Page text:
In many ways this album is a reviewers dream. Normally the job revolves around a battle of time and energy, wit and wordplay to tease the original properties out of the music before you which, by and large, has left big and obvious footprints back through musical history, plundering freely and not so much bringing anything new to the table, more just shuffling the contents of the table around a bit.
Equinox’s collection of music not only completely restocks the table, but then places the table in an unlikely place, such as on a cliff edge or in a cellar, lays it on its side and sprays it with strange hues and subtle patterns. And a collection of music it is rather than an album in the sense most people would envisage it, spoken word pieces musing on the human condition, mortality, love and death – dark thoughts put to music which is used to help communicate the emotion, capture the feeling, hold the essence of the subject being explored.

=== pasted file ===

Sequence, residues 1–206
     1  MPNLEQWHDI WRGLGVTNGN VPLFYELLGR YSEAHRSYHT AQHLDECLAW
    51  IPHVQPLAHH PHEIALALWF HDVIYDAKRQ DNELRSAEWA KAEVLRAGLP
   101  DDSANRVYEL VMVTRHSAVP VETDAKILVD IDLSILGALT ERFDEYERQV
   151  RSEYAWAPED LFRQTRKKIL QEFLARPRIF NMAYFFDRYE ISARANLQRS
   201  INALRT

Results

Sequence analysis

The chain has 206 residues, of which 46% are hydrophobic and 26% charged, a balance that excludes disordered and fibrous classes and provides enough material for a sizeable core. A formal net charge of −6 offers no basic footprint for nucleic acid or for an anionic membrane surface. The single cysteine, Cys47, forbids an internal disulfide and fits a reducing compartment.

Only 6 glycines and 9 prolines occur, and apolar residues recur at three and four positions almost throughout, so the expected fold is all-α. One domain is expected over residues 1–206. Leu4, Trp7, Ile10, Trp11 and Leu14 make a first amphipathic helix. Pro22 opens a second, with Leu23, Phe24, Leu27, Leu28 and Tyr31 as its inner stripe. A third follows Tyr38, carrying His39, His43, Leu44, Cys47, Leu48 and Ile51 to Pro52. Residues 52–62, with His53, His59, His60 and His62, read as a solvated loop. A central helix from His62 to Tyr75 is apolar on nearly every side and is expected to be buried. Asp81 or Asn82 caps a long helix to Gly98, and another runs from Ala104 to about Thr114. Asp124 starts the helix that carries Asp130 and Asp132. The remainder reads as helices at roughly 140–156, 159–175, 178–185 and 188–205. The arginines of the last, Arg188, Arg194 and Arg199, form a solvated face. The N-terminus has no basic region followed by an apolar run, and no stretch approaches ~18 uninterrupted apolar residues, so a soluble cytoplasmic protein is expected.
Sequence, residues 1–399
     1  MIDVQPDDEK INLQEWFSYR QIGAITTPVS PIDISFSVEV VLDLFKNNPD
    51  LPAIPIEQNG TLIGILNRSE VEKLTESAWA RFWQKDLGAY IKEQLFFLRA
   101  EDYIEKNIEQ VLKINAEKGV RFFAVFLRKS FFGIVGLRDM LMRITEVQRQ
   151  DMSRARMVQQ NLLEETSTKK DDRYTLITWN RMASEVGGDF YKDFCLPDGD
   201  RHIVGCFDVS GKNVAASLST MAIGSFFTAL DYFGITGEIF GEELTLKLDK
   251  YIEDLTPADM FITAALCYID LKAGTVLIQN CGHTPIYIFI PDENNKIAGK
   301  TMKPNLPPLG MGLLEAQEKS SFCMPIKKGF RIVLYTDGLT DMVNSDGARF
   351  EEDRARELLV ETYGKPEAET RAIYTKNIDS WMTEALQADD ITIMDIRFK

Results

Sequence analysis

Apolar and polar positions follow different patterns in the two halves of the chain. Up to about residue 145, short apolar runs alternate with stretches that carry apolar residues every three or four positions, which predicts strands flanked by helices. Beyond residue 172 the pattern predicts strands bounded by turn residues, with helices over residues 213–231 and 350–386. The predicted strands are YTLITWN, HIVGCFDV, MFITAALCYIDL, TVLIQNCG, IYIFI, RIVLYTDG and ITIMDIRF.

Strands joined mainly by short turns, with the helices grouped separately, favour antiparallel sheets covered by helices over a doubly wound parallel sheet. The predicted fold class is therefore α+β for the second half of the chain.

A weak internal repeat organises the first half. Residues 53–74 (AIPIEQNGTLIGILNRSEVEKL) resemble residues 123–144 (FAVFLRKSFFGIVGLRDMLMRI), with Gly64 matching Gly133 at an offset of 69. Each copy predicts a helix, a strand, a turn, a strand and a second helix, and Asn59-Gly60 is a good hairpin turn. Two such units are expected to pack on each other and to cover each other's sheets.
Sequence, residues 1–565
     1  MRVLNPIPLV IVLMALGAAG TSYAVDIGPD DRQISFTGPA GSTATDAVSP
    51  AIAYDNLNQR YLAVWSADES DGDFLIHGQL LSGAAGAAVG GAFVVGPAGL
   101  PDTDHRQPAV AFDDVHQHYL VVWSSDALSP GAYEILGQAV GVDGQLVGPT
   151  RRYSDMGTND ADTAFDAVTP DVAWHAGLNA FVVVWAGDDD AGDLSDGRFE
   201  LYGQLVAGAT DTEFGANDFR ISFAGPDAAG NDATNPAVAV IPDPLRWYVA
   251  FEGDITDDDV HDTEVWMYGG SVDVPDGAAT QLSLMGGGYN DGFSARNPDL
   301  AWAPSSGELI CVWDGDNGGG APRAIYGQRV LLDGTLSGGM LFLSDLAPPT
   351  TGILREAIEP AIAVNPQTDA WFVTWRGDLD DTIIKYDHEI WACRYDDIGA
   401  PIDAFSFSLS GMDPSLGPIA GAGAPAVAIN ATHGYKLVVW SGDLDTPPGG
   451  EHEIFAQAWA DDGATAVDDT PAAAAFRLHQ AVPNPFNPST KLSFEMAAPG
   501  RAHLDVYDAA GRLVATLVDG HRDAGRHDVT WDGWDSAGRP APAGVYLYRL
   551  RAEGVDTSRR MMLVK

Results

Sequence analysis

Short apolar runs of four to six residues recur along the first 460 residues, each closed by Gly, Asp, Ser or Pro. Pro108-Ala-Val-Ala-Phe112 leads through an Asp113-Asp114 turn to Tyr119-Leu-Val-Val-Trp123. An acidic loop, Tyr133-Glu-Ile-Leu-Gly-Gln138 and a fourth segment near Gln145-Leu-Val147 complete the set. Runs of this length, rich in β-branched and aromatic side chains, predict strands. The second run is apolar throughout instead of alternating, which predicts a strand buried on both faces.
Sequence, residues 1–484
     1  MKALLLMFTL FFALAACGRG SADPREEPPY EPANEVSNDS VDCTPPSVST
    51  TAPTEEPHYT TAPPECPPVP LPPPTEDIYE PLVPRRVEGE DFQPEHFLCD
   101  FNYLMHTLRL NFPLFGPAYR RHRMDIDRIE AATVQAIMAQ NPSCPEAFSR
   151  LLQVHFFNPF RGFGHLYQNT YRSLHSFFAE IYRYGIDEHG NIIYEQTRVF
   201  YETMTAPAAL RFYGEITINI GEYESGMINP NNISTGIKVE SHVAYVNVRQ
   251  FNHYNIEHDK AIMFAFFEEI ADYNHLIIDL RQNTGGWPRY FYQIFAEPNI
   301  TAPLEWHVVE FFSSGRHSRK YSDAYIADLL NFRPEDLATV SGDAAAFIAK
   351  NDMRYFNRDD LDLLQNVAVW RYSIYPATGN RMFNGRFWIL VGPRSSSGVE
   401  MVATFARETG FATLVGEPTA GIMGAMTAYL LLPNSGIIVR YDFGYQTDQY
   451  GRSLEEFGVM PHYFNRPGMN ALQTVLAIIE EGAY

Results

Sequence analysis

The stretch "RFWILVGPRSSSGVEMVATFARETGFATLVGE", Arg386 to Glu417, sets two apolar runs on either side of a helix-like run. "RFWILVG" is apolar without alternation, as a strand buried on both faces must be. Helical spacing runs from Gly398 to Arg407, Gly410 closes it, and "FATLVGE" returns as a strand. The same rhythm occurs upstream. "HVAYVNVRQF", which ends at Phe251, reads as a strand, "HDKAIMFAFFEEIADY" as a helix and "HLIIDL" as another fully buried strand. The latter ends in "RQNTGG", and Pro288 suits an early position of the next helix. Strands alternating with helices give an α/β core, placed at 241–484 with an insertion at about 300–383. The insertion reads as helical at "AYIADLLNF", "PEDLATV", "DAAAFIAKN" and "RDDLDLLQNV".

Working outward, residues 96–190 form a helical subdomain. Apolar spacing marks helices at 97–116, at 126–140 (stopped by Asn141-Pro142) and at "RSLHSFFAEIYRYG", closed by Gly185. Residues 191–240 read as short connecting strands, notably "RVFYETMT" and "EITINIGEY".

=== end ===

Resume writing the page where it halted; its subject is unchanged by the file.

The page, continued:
Some tracks are more obscure or obtuse in their dealing with the emotion or thought at hand, tracks like Goodbye or the Vince Clarke collaboration Goodnight Vienna opts more for painting emotive pictures through half heard words, brooding keyboards and creepy electronica, others, Don’t Die On Me, leave nothing to the imagination, its electro-funk grooves wonderfully at odds with the subject at hand. The there are tracks such as Mule which leave you scratching your head with one hand and hitting replay with the other.
It is an album which has no bounds, the music is as diverse and myriad as to give the feeling of a mix tape or a compilation album from a cultish record label, but it is the lyrics which really form the cohesion, direct, often dark, philosophical and challenging. It is honest rather than bleak, soul bearing rather than tortured, confessional instead of contrived. It matches musical light with lyrical shade and for that the album works.